Fish wins marathon match over Wawrinka for 1-0 U.S. lead

February 10, 2012 11:59 AM
Mardy Fish hugs U.S. Captain Jim Courier after defeating Stanislas Wawrinka in the first match of the tie.
By Erin Bruehl,

FRIBOURG, Switzerland
– Mardy Fish secured a 1-0 lead for the U.S. Davis Cup Team over Switzerland with a come-from-behind win over Stanislas Wawrinka, 6-2, 4-6, 4-6, 6-1, 9-7, in a marathon match lasting nearly four and a half hours.
It was the third longest match in U.S. Davis Cup team history since the tiebreak was introduced in 1989.

With solid play from both players, Fish earned the victory on his third match-point chance as he served for the match for the second time after earning a break to go up 8-7 in the fifth. He fought off two break points from Wawrinka, but unlike when he served for the match at 5-4 earlier in the set, this time he did not let it get away.
Fish smacked his 15th ace for his second advantage of the game, and on the next point, Wawrinka hit a short return just over the net that the American raced to before hitting a soft forehand volley winner for his 10th career Davis Cup win and a lead for the U.S.

It seemed unlikely the match was going the distance early, as Fish cruised to an easy first-set win, missing a bunch of first serves but effectively putting good spin on his second. However, Wawrinka immediately responded to open the second set with his first break of Fish at love for the early lead. Fish battled to break back for 3-all but was unable to hold the lead, as Wawrinka immediately broke back for 4-3 and then served out the set without facing another break point.
The third started exactly the same, as Wawrinka broke Fish to open the set, as a big difference in the second and third sets was Wawrinka’s ability to capitalize on big points to earn breaks and his ability to fend off Fish, who did not have one break-point chance on the Swiss’ serve in the third.
But playing for his country, Fish was not going to let the match slip away without a fight. He fought back, saving two break points early in the third game of the fourth set with help from a few Wawrinka errors, and played a great return game on Wawrinka’s serve. Fish earned the break and a 3-1 lead when he smoked one of his 93 winners in the match on a backhand cross-court first-serve return.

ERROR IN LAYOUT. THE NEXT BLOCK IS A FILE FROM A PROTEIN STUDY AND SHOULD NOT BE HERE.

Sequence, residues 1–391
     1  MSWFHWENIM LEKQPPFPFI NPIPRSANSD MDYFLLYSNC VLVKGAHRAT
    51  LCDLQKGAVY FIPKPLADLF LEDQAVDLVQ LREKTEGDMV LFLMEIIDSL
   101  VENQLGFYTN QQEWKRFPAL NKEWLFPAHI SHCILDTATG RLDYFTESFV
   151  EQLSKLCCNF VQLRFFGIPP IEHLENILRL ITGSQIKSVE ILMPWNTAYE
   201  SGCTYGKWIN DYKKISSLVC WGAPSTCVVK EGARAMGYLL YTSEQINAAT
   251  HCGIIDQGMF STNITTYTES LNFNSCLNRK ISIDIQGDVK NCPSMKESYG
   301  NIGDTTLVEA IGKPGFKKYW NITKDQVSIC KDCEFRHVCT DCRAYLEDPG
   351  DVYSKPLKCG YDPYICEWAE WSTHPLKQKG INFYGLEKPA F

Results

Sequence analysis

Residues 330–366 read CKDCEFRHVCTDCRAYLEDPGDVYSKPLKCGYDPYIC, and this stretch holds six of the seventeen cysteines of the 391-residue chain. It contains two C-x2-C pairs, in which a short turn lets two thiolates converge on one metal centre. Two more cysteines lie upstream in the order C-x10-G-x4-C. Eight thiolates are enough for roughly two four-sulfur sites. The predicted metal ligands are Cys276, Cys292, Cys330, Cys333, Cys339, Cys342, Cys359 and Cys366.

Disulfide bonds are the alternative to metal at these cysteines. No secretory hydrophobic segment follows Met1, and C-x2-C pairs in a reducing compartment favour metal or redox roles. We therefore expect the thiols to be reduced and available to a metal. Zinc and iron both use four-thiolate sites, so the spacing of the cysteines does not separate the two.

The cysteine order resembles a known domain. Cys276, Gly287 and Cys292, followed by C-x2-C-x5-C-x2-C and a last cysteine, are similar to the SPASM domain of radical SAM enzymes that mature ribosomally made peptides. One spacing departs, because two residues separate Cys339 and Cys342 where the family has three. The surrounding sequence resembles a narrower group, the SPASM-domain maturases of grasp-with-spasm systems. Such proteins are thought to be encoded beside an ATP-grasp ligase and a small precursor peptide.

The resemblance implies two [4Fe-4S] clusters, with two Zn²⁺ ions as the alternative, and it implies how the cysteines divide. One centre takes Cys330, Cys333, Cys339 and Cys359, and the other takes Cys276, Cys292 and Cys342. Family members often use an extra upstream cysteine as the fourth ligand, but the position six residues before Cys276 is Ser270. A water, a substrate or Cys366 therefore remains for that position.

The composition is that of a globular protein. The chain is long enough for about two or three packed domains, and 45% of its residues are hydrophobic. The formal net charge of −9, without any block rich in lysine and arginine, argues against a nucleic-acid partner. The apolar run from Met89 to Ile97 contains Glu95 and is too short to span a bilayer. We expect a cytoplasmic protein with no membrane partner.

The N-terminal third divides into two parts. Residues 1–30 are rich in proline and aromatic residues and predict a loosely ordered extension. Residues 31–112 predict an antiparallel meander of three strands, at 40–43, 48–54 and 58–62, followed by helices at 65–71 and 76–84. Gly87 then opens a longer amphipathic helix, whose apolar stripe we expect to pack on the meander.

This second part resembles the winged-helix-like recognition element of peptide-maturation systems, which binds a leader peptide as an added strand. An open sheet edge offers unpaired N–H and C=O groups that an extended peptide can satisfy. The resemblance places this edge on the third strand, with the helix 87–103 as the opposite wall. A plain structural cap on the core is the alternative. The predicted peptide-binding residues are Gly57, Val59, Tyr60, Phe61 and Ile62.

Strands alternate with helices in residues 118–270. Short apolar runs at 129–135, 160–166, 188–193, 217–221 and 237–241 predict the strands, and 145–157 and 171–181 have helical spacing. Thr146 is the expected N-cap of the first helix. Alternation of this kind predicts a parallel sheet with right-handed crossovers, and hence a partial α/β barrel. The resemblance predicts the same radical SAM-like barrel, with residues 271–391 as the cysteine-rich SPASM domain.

From there he stayed in control of the fourth, playing steady, and sent the match to the fifth with a forehand-volley winner to close out the set, 6-1.
The battle then began for the fifth, as Fish had two chances to break for an early lead, earning his first with one of his many great drop shots in the match, but Wawrinka used a solid serve, including two aces, to help keep the set on serve.
But it did not last long, as two games later, Fish gained a break point with an advantage on an overhead winner after catching up with a Wawrinka lob. On the next point, he closed out the break when Wawrinka hit a shot past the baseline for the 3-2 lead.
Fish worked hard to keep his lead three games later after falling behind 0-40 on three consecutive errors.  He saved one with a lob, after Wawrinka caught up to one of his drop shots, and then Wawrinka hit a ball long and wide to bring the game to deuce. On Wawrinka’s second advantage and fourth break-point chance, Fish turned to his big serve to get him out of trouble, smacking one off Wawrinka’s racquet, and saved the fifth when the Swiss netted a backhand. After another great serve for the advantage, he secured a 5-3 advantage on a long return from Wawrinka.
Fish then served for the match two games later and, after 30-all, fell to 30-40 when he lobbed a forehand into the net, but a few points later had his first match-point opportunity, although was unable to close it out.  He was a little conservative with his shot making, and the game went to deuce on a cross-court winner from Wawrinka, who then earned a break-point chance when Fish hit a forehand into the net. A forehand long from the American put the set back on serve.
With no fifth-set tiebreak, they played on, and it was Fish who struck first, breaking to put the American up 8-7 after a rally ended with a Wawrinka backhand past the baseline. And as he took the ball to serve for the match a second time, he bent slightly but did not break, securing the lead for the U.S. and one of the biggest wins of his career.